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Courage and Maturity

Part two of a series on courage.

When Israel’s beloved King David was close to death, he charged his son ­Solomon saying, “I am about to go the way of all the earth, so be strong, act like a man, and observe what the LORD your God requires: Walk in obedience to Him, and keep His decrees and commands, His laws and regulations, as written in the Law of Moses. Do this so that you may prosper in all you do and wherever you go” (1 Kings 2:2-3).

King David knew that strength and courage were linked with maturity, responsibility, and faithfully following God’s directions­. The Apostle Paul also charged New Testament believers, “Be on your guard; stand firm in the faith; be courageous (literally, “act like the man,” i.e., adult rather than child); be strong. Do everything in love” (1 Corinthians 16:13-14). Being a grown-up in God’s developmental plan corresponds to being strong, being alert and standing firm in the faith. Both John the Baptist and Jesus exemplified this principle during their childhood. Their day-to-day life decisions reflected strength and maturity of spirit (Luke 1:80, 2:40, 47).

courage-maturity2In these examples of the connection between courage and maturity, being strong and courageous is never the goal­ of our behavior or development. Instead, strength and courage are the means–­the instruments by which we become the adult God intended.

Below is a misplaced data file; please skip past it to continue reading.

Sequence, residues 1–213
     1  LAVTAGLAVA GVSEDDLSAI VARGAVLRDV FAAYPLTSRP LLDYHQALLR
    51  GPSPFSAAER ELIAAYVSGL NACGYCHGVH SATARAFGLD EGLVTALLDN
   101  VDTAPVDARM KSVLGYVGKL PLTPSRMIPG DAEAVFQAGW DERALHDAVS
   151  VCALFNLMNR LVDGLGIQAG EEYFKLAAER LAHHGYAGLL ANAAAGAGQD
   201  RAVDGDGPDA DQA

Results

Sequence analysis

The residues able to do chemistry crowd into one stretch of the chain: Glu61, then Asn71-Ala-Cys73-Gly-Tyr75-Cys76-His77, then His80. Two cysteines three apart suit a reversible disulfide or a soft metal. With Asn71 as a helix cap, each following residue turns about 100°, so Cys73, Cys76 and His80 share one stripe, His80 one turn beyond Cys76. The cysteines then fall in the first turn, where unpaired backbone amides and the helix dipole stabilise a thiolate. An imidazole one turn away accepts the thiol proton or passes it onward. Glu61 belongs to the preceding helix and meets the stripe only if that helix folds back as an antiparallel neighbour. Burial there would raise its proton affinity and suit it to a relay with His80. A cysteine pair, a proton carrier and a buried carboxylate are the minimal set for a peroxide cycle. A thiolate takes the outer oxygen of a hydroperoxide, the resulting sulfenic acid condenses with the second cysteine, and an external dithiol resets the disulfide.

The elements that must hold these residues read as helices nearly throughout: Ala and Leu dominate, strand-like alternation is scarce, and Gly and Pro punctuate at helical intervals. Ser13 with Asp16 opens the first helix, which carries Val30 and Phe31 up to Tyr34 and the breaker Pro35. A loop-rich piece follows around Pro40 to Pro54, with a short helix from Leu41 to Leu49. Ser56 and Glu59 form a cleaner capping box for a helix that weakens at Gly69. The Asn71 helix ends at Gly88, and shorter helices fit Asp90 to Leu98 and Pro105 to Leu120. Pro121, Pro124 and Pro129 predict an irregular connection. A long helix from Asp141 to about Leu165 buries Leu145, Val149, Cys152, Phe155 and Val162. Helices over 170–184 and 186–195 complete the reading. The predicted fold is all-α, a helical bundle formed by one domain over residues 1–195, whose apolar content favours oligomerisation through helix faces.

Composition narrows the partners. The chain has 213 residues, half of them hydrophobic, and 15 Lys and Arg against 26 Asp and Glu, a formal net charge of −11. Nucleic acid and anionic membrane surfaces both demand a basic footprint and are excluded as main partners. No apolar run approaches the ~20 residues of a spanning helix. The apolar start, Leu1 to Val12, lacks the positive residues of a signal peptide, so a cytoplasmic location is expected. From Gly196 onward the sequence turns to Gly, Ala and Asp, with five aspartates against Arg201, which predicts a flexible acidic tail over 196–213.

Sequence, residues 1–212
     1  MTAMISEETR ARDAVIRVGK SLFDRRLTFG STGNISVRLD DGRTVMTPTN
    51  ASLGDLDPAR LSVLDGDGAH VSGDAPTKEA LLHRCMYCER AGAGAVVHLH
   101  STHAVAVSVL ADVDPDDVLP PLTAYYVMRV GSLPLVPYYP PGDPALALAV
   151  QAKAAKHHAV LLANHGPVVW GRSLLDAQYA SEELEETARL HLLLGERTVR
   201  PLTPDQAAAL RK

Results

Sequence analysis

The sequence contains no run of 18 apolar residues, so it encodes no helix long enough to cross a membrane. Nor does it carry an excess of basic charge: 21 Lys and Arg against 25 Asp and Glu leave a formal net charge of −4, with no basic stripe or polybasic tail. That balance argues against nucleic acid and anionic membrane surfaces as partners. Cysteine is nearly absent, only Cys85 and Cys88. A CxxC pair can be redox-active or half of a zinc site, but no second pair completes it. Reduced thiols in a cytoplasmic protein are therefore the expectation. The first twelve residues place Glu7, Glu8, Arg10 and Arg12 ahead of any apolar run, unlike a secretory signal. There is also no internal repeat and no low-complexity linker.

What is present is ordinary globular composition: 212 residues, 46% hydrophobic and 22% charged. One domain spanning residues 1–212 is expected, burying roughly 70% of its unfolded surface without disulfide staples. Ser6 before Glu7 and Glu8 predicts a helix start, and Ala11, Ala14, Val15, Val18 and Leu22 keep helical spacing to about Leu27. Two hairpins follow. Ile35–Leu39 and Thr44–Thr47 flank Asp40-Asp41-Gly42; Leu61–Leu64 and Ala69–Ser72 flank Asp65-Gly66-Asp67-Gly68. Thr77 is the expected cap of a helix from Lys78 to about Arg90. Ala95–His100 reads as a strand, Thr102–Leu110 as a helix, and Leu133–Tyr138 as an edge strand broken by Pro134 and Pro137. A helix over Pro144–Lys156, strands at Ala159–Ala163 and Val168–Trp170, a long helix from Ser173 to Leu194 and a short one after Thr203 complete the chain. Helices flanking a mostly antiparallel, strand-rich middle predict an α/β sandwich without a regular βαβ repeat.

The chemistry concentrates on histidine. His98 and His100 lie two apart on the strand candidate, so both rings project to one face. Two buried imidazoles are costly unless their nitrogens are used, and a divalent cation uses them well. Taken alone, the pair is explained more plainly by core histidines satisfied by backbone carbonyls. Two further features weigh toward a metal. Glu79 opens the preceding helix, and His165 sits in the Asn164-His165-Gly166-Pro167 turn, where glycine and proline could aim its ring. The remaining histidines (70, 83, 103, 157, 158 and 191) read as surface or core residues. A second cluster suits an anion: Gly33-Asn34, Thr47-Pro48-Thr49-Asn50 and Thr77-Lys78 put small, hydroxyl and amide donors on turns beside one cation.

We cannot grow up if only easy things happen to us. Even with the earliest developmental milestone ­courage is needed. When a child is learning to walk, it is the unrelenting attempts of getting up after falling that finally yields the skill of walking. This persistent pattern fits all the domains of development: physical, emotional, intellectual, social, and spiritual.

Courage is essential to development because growth requires change. Change requires letting go, at least temporarily, of whatever securities we cling to in order to seize upon something even better. Surrendering our security, even for a greater good, requires courage. This greater good is growing into our full potential that God designed–living a life that reflects God’s nature in us ­ “A new command I give you: Love one another. As I have loved you, so you must love one another. By this everyone will know that you are my disciples, if you love one another” (John 13:34-35).

Bill Beausay in his book Teenage Boys! (Waterbrook Press, 1998) writes, “Real self-esteem happens inside kids when they learn they can actually overcome an obstacle and do things, ­ it’s built one brick at a time.” Without the firm persistence and following through with our responsibilities, obstacles cannot be overcome. None of us grow a healthy sense of who we are and what God intends without strength and courage. Instead of a beautiful structure built one brick at a time, a life without courage will resemble a discard pile of broken rubble.


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Bart Fowler
Bart Fowler

Dr. Fowler is a licensed psychologist and the executive director of CHARIS Counseling Associates. He is devoted to helping people thrive instead of just survive so they may live out the fullness of what God intends for their lives. He may be reached at 360-891-2000 x109.